The War That Ended Peace: The Road to 1914 Hardcover – Oct 29 2013
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“The War that Ended Peace tells the story of how intelligent, well-meaning leaders guided their nations into catastrophe. These epic events, brilliantly described by one our era’s most talented historians, warn of the dangers that arise when we fail to anticipate the consequences of our actions. Immersed in intrigue, enlivened by fascinating stories, and made compelling by the author’s own insights, this is one of the finest books I have read on the causes of World War I.” - Madeleine Albright, former Secretary of State
“Once again, Margaret MacMillan proves herself not just a masterly historian but a brilliant storyteller. She brings to life the personalities whose decisions, rivalries, ambitions, and fantasies led Europe to “lay waste to itself” and triggered decades of global conflict. Hers is a cautionary tale of follies a century in the past that seem all too familiar today.” - Strobe Talbott, President, Brookings Institution
“The War That Ended Peace is a masterful explanation of the complex forces that brought the Edwardian world crashing down. Utterly riveting, deeply moving, and impeccably researched, MacMillan's latest opus will become the definitive account of old Europe's final years.” - Amanda Foreman, author of A World on Fire
"That MacMillan's research is both thorough and of the utmost quality goes without saying; however, the relevant lessons she draws out of the "puzzle" that precipitated the Great War bear repeating again and again. Above all she reminds us that, even in an increasingly interconnected world, nothing is inevitable and there are always choices to be made that can lead us to achieve conflict prevention." - Lieutenant-General The Honourable Romeo A. Dallaire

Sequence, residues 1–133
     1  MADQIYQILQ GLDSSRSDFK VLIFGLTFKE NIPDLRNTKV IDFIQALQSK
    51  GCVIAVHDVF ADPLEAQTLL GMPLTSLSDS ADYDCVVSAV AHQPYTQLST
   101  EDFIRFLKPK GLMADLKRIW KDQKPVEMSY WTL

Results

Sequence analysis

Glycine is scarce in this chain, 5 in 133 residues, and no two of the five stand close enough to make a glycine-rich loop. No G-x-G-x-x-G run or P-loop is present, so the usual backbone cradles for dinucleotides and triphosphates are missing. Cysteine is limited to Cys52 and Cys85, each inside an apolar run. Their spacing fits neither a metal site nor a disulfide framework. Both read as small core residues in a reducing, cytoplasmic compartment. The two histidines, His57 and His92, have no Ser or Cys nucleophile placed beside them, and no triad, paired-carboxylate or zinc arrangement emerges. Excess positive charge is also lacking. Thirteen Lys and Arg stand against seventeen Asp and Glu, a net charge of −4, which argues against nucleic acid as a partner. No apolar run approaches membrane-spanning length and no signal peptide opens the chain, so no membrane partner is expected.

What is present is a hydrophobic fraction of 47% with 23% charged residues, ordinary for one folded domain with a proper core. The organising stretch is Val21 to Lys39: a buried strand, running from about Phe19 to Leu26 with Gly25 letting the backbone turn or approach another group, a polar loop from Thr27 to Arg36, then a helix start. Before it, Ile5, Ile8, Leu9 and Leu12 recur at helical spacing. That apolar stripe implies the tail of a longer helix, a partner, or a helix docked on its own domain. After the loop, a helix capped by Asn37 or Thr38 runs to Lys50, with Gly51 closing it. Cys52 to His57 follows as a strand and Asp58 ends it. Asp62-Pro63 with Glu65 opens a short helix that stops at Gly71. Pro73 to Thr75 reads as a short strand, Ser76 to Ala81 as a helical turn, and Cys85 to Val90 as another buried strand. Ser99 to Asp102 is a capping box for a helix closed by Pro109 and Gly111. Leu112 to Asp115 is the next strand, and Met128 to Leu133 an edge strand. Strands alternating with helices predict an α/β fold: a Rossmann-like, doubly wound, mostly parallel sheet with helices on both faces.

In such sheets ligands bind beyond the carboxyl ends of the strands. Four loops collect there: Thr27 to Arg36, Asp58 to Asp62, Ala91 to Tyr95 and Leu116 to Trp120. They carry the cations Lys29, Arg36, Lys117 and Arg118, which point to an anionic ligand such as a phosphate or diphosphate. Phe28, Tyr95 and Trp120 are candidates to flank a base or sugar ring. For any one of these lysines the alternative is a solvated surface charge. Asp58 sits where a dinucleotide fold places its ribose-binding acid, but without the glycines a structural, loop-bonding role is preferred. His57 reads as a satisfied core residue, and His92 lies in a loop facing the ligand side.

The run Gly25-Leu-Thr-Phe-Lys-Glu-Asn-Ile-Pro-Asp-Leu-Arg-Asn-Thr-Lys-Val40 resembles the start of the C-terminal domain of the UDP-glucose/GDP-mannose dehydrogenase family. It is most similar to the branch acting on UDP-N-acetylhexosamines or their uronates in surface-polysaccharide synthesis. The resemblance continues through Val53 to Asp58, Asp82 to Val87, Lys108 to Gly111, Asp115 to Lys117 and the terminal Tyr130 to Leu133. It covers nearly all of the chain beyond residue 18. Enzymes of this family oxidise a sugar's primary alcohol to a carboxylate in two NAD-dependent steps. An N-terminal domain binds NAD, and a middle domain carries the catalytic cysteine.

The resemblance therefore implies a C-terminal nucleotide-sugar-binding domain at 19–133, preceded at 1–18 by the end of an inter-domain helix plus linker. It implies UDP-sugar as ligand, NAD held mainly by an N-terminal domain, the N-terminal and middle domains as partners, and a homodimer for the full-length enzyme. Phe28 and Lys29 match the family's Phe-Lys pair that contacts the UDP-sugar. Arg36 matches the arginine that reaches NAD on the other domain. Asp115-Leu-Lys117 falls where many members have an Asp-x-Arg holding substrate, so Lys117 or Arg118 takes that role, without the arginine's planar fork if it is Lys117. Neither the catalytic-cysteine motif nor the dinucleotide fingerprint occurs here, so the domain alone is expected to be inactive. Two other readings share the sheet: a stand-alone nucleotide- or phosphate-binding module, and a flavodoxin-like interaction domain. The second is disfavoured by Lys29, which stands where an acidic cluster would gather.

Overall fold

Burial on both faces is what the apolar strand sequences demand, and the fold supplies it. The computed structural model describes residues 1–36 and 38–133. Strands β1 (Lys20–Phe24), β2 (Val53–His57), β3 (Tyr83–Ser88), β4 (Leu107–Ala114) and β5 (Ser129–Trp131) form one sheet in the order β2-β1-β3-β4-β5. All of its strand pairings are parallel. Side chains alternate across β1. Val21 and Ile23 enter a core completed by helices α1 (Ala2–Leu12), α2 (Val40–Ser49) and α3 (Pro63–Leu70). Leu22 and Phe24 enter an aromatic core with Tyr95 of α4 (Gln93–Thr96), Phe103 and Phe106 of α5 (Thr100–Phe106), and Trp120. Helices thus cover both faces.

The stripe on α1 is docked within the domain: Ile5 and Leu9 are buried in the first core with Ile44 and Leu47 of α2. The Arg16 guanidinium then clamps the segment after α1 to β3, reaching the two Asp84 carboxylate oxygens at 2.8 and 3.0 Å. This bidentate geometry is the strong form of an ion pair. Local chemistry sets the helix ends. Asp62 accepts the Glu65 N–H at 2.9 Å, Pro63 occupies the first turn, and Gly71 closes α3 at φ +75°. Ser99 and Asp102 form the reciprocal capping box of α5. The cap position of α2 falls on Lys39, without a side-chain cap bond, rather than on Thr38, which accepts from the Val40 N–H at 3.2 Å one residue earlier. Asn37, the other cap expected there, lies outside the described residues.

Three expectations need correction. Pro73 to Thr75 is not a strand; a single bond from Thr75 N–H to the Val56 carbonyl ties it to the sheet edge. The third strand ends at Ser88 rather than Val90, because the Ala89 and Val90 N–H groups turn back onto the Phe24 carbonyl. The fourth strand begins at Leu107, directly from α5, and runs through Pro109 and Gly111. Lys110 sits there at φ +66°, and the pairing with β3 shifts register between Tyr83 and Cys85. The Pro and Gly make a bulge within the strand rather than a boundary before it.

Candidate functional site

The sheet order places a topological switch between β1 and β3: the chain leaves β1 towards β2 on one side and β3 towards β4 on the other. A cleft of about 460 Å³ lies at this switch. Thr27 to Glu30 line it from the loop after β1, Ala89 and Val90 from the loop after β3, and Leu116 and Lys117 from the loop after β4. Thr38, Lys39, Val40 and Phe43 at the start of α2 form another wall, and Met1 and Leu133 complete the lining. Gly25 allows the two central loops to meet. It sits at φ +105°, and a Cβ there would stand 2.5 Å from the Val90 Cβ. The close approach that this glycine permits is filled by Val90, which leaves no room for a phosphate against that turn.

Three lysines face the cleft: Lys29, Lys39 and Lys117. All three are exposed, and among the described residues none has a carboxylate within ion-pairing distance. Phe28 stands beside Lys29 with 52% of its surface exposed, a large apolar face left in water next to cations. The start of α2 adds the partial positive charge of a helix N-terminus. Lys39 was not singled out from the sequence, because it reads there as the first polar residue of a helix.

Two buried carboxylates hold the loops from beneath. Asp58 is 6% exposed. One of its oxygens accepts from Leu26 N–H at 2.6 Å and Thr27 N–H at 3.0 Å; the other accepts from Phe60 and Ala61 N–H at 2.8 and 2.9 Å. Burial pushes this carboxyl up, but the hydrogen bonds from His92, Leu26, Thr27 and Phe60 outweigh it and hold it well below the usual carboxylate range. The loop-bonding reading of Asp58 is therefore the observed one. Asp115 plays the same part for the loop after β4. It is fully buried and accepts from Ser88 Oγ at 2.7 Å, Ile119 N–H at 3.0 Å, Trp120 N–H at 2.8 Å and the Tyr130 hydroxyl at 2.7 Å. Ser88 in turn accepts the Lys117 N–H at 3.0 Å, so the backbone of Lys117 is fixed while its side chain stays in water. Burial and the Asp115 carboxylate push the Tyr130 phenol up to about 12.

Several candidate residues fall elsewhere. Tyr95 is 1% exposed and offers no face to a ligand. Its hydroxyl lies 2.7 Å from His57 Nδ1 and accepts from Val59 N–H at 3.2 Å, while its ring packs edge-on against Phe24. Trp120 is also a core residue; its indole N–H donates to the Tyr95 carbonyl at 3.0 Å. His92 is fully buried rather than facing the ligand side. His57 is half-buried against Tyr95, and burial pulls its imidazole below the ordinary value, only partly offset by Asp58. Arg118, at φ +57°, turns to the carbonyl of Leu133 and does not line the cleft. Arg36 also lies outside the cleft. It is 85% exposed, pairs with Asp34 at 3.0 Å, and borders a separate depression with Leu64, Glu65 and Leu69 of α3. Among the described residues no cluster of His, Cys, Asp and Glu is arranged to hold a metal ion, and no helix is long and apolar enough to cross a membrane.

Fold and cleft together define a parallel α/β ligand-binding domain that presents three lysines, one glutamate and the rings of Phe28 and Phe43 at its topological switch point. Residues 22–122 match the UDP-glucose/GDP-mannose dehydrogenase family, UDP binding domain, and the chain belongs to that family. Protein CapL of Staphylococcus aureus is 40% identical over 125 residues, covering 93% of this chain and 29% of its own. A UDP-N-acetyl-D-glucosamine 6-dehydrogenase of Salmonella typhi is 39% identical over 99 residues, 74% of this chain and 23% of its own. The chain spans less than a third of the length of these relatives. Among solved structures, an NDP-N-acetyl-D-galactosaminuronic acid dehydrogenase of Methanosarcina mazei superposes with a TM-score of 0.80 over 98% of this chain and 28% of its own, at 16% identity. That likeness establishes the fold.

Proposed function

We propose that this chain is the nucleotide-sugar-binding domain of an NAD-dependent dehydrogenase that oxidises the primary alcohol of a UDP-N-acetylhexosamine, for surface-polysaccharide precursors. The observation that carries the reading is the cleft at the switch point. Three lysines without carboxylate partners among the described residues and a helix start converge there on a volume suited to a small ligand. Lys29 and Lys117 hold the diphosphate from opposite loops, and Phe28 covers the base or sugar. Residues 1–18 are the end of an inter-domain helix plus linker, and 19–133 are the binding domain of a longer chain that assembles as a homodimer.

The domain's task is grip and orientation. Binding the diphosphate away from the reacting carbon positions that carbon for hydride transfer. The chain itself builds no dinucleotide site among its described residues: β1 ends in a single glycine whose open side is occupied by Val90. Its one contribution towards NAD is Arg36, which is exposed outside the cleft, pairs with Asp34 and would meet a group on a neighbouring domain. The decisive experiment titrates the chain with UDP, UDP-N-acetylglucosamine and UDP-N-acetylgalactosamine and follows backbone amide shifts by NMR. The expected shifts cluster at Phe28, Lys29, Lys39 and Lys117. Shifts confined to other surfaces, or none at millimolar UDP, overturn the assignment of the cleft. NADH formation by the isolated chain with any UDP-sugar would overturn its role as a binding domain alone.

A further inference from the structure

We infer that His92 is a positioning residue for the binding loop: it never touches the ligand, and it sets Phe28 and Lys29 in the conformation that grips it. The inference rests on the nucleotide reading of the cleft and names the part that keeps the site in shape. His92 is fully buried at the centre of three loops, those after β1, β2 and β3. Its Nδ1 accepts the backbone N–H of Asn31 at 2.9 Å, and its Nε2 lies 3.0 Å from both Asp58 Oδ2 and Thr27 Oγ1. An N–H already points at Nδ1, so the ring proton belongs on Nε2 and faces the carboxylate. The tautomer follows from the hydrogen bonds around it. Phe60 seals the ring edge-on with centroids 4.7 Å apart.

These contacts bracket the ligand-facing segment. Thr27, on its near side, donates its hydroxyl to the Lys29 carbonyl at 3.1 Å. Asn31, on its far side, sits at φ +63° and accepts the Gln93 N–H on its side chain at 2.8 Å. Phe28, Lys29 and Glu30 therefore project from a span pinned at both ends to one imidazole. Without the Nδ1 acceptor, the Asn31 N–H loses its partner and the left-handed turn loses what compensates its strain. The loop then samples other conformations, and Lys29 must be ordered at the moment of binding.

“Margaret MacMillan… is that wonderful combination—an academic and scholar who writes well, with a marvelous clarity of thought. Her pen portraits of the chief players are both enjoyable and illuminating. Among the cascade of books arriving for the anniversary, this work truly stands out.” - Antony Beevor, author of The Second World War
“Few historians have better credentials to write about the origins of the First World War than the Oxford scholar Margaret MacMillan…with its lovely elegant style, keen eye for human foibles and impeccable attention to detail, this is one of the most enjoyably readable books of the year… MacMillan depicts a world of neurotically anxious empires and dangerously insecure alliances, a restless landscape in which diplomacy’s tectonic plates never stay still for a moment.” - Dominic Sandbrook, Sunday Times
About the Author
MARGARET MacMILLAN is the renowned author of Women of the Raj, Stephen Leacock (Extraordinary Canadians series), and the international bestsellers Nixon in China and Paris 1919: Six Months That Changed the World, which won the 2003 Governor General’s Award and the 2002 Samuel Johnson Prize. She is also the author of The Uses and Abuses of History. The past provost of Trinity College at the University of Toronto, she is now the warden of St. Antony’s College at Oxford University.See all Product Description